For example, FirstHealth’s Community Health Services regularly joins forces with community organizations to provide school health programs, healthy living classes, tobacco cessation education, childhood injury prevention and medication assistance. It also leads a multi-sector coalition to battle opioid misuse. Likewise, a strong relationship among area community colleges and FirstHealth benefits health care and local prosperity. Schools partner with FirstHealth to train highly skilled health care providers, and FirstHealth employs them with well-paying jobs.
A particularly striking example of teamwork is the community’s financial support through the Foundation of FirstHealth. In the 25 years since Moore Regional Hospital and Montgomery Memorial Hospital joined forces, the Foundation has distributed more than $70 million while averaging a $60+ million invested portfolio. Through these funds, supporters built the Reid Heart Center, the FirstHealth Hospice House and the Clara McLean House. They also provide cancer support services, preventive services such as mammograms, nursing scholarships, provider enrichment programs and a host of other services that complement FirstHealth’s core purpose to care for people.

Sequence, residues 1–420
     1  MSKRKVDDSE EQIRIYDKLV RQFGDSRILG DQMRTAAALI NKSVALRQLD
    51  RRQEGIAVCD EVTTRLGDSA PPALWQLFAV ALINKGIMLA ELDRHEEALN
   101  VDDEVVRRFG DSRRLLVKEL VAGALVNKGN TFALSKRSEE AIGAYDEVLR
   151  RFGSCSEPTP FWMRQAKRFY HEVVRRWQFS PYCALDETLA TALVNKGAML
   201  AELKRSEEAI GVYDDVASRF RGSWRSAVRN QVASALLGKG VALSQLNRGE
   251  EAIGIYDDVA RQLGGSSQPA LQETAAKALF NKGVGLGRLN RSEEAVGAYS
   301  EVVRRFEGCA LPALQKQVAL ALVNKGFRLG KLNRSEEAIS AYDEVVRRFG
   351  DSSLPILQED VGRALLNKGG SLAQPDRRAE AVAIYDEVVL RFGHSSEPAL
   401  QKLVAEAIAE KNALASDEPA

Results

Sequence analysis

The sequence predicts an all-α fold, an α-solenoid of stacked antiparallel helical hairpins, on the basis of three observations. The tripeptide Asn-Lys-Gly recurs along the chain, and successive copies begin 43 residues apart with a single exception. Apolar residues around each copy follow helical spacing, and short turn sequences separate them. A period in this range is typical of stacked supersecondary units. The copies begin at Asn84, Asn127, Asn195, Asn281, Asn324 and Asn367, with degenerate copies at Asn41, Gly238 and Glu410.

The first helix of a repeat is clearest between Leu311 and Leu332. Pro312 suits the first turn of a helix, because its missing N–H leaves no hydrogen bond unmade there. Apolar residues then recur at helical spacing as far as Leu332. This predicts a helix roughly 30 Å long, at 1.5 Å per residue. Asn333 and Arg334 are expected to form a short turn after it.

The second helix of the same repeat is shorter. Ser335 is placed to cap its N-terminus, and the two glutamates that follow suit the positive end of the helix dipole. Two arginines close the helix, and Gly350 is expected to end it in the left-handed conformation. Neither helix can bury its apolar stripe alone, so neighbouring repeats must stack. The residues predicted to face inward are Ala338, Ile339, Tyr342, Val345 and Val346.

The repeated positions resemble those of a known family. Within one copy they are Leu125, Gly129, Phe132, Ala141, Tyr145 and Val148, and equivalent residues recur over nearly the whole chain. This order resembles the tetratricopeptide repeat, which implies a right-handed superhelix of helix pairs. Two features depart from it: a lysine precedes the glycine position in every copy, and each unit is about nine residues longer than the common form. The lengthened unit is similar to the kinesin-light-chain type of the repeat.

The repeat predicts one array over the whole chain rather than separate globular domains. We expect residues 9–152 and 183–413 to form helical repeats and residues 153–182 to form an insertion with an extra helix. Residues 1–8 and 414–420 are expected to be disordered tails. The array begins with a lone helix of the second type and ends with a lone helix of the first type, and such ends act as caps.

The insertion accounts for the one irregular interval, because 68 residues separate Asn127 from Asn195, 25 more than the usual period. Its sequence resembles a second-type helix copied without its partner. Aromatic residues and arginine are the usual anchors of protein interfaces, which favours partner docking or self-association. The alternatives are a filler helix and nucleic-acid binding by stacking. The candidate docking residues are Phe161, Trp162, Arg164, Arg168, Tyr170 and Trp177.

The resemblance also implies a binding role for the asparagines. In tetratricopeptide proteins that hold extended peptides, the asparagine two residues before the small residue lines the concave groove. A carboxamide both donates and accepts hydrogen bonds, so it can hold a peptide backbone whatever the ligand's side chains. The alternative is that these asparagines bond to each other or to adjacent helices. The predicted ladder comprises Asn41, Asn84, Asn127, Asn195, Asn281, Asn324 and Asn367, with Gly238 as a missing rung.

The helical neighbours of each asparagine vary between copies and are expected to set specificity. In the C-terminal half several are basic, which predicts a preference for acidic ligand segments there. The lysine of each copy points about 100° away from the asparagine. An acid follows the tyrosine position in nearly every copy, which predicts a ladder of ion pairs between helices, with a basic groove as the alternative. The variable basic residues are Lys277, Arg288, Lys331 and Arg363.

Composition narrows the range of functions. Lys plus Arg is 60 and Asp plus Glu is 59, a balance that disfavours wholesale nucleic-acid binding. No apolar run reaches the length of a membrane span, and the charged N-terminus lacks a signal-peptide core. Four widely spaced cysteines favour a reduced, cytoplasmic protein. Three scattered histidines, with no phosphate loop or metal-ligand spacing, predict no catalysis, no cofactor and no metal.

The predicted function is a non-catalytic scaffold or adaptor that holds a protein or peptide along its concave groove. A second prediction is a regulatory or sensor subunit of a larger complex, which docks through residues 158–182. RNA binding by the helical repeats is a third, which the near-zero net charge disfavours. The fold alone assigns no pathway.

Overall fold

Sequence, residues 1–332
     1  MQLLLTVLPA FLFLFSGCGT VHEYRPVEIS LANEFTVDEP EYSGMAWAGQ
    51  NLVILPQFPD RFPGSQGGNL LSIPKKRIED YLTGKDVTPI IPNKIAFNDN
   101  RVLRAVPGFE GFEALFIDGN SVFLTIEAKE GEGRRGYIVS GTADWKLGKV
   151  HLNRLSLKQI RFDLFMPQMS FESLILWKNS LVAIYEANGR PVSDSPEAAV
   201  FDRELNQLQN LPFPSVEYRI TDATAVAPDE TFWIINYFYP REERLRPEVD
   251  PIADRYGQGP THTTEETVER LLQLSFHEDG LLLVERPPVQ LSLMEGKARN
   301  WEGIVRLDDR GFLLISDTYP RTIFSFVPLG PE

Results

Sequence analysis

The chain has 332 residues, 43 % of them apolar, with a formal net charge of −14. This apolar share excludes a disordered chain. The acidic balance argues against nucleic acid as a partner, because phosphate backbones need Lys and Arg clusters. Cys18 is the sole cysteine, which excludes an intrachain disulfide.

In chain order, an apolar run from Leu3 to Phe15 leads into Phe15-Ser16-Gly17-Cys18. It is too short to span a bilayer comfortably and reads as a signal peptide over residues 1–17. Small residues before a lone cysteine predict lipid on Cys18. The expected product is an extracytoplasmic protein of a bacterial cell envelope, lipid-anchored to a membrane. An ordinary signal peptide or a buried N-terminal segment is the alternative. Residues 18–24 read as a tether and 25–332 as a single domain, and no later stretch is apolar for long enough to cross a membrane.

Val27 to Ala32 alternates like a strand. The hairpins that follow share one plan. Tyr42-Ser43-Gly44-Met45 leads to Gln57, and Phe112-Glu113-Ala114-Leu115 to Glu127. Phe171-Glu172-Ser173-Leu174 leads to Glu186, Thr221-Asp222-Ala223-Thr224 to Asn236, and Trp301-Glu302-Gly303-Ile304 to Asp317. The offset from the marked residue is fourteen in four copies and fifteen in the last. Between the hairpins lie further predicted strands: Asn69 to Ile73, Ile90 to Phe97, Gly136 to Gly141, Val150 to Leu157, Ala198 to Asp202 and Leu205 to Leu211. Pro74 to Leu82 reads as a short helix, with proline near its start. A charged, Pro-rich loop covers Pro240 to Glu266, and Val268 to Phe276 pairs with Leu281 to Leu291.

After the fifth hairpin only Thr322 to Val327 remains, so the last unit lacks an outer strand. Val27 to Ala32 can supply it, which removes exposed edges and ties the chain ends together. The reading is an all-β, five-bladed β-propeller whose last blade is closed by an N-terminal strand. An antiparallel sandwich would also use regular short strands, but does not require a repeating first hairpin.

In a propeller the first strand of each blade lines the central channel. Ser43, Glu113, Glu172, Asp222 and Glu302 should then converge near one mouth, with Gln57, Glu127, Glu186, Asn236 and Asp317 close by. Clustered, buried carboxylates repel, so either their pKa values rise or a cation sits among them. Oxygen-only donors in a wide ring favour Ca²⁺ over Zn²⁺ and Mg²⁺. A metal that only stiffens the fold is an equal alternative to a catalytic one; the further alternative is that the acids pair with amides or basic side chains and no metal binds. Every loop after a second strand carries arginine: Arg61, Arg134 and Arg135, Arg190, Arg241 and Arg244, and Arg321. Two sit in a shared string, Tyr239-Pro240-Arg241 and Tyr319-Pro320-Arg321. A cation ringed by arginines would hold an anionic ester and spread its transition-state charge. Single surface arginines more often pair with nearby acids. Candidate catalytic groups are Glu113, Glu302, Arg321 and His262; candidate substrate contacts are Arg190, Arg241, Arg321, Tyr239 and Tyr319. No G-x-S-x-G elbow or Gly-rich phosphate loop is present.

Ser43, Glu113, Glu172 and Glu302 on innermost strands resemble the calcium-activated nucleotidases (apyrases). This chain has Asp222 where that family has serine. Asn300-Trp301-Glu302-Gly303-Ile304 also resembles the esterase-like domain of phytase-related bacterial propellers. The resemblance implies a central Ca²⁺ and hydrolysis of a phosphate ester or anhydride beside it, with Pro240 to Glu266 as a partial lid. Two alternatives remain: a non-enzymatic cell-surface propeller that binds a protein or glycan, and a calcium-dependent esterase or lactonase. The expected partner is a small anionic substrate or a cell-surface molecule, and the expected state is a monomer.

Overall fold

Caring for People in the Next 25 Years and Beyond
Foster plans to continue FirstHealth’s current momentum focusing on three goals: open the new FirstHealth Comprehensive Cancer Center, make FirstHealth the best place to work in health care and create a culture resulting in zero harm to patients.
“Research has shown that high employee engagement is a significant factor in a great patient experience,” said Foster. “Similarly, when employees are happy, they produce quality work.” That contributes to zero harm, a term used in health care that means zero patients are harmed due to their interactions with FirstHealth.
Foster said he is eager to share FirstHealth’s story and community accomplishments. “Visit our 25th-anniversary website www.firsthealth.org\25years to learn more about our history and future.”